I agree.

    Once upon a time....

  • ArclanArclan Chicago, ILPosts: 1,494Member Uncommon
    Thanks MMORPG for getting this interview with Raph!  Great questions, too.  Hoping Raph makes another MMO.  I agree with another poster who said Jedi should have been a select few NPCs in the game; and not a playable class. 

    Luckily, i don't need you to like me to enjoy video games. -nariusseldon.
    In F2P I think it's more a case of the game's trying to play the player's. -laserit

  • Beatnik59Beatnik59 Chicago, ILPosts: 2,225Member Uncommon

    Excellent interview with an excellent designer.

    I don't always agree with what Koster has to say, but I always respect what Koster has to say.  He's thought about this form of entertainment more than anyone.  He's in that league with Bartle and Castronova.  Thank you for doing this!

    __________________________
    "Its sad when people use religion to feel superior, its even worse to see people using a video game to do it."
    --Arcken

    "...when it comes to pimping EVE I have little restraints."
    --Hellmar, CEO of CCP.

    "It's like they took a gun, put it to their nugget sack and pulled the trigger over and over again, each time telling us how great it was that they were shooting themselves in the balls."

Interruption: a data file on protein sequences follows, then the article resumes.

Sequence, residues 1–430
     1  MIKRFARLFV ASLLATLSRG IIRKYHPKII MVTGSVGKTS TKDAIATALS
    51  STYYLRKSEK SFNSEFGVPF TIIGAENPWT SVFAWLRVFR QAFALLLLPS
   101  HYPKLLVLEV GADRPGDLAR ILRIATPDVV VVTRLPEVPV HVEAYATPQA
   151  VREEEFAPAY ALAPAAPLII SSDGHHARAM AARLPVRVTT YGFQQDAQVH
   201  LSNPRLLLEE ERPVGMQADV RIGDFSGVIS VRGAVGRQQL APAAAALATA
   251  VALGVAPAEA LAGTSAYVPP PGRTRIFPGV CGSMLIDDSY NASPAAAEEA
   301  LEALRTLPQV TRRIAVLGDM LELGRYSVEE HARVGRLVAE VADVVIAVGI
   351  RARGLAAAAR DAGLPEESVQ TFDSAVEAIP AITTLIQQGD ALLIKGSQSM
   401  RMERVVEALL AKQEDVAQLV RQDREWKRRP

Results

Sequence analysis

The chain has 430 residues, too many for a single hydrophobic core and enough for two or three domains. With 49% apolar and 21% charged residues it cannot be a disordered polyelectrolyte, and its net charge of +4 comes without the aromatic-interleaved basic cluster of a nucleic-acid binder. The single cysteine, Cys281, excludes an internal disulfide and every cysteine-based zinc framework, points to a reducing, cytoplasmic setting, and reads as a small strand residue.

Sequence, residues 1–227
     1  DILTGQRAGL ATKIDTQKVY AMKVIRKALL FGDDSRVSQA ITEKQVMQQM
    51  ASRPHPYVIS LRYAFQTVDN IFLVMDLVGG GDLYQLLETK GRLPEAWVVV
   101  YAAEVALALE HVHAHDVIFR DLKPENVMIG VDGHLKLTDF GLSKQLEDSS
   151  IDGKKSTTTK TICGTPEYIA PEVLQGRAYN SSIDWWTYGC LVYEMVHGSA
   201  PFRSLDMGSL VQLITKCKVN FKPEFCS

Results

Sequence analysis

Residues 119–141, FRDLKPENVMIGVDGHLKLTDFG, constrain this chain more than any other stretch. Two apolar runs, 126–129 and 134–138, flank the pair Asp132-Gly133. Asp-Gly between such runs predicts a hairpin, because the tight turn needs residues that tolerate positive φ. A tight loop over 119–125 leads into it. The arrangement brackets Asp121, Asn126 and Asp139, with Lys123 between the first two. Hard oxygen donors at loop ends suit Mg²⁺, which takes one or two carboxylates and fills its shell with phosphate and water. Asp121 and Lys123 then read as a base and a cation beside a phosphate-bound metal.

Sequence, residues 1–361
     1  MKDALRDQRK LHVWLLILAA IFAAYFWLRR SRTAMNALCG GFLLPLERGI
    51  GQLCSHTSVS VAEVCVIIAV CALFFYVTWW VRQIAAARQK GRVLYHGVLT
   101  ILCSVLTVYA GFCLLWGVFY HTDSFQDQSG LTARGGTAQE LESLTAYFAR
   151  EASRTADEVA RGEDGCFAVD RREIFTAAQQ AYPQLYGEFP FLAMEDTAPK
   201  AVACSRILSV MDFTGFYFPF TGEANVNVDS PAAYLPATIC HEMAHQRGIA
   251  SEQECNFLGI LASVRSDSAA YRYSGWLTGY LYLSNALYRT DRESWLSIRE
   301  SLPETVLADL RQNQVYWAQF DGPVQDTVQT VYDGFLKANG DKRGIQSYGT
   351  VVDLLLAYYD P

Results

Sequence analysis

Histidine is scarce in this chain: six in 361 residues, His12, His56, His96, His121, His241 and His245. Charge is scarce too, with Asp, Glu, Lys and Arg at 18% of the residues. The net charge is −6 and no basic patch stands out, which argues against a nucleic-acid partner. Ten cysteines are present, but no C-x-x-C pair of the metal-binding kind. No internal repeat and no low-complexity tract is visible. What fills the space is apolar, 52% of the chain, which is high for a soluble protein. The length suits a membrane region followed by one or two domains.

--Exar_Kun on SWG's NGE

  • AmarantharAmaranthar OhioPosts: 2,425Member Uncommon

    If Raph were to do a Kickstarter, I hope he doesn't do what Richard Garriott did and start building the game based on "pay to win" from the get go.

    I'd rather see something like a subscription credit. No in-game bennies.

    Once upon a time....

  • RaphRaph MMO Designer San Diego, CAPosts: 139Member Uncommon

    The team (and community) needs to be able to influence the rest of the game.  It is a creative process after all and the people attracted to it are creative people.  Nothing kills that type of team more then someone lacking flexibility or someone that won't listen. 

    Usually, the knock is the opposite, that I listened too much to the forums while making SWG. Thanks for the variety! :)

    He hasn't done anything in the past 10 years.

    I wrote a paragraph here and deleted it :)

     

  • ClattucClattuc Alphaville, DCPosts: 163Member
    Raph is a legendary genius, but the gaming world has moved past his limitations.  The next wave of revolutionary games will come from a different direction.  I wish him all the best.
  • ajax7ajax7 Lewisville, TXPosts: 363Member

    I'd like to see Ralph make the Wheel of Time MMO simular but with improvements like he did with SWG mmo.

    Do it Ralph !!!

    Ajax